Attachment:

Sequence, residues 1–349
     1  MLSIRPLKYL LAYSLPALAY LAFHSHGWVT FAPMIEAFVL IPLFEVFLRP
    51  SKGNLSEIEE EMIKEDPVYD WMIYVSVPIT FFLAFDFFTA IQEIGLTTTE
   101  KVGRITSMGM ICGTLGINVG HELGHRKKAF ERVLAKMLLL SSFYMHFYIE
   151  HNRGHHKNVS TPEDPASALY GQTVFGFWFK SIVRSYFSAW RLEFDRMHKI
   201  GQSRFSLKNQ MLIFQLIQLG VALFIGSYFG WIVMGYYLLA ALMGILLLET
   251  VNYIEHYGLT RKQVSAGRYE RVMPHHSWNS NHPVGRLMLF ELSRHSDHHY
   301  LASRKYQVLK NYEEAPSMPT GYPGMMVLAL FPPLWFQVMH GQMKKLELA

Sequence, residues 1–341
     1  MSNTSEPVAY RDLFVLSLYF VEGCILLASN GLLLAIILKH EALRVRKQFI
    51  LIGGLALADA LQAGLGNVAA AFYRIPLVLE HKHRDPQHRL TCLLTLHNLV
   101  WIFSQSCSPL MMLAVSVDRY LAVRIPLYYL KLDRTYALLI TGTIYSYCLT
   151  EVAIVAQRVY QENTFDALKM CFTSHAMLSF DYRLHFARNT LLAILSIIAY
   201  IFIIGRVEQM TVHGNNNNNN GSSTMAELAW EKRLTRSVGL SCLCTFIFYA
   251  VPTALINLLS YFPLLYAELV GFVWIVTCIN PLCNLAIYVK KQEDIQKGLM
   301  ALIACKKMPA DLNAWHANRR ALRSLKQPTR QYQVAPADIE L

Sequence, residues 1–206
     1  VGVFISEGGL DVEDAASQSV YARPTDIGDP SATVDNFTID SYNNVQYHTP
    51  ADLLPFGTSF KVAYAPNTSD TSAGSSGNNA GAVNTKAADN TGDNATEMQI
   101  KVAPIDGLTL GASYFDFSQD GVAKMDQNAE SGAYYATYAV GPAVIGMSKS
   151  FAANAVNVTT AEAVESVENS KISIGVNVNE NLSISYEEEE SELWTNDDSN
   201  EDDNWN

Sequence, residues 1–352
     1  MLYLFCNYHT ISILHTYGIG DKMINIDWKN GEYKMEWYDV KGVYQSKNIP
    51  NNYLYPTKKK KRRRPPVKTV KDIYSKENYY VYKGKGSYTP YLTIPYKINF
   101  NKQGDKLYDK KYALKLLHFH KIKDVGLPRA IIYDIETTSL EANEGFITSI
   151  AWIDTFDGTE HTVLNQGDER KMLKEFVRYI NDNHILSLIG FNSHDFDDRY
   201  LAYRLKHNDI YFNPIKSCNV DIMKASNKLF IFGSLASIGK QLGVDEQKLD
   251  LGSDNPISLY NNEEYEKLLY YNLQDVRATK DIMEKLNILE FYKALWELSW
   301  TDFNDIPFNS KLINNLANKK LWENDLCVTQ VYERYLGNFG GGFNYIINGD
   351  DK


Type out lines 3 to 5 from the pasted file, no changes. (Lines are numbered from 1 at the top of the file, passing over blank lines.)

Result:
    51  SKGNLSEIEE EMIKEDPVYD WMIYVSVPIT FFLAFDFFTA IQEIGLTTTE
   101  KVGRITSMGM ICGTLGINVG HELGHRKKAF ERVLAKMLLL SSFYMHFYIE
   151  HNRGHHKNVS TPEDPASALY GQTVFGFWFK SIVRSYFSAW RLEFDRMHKI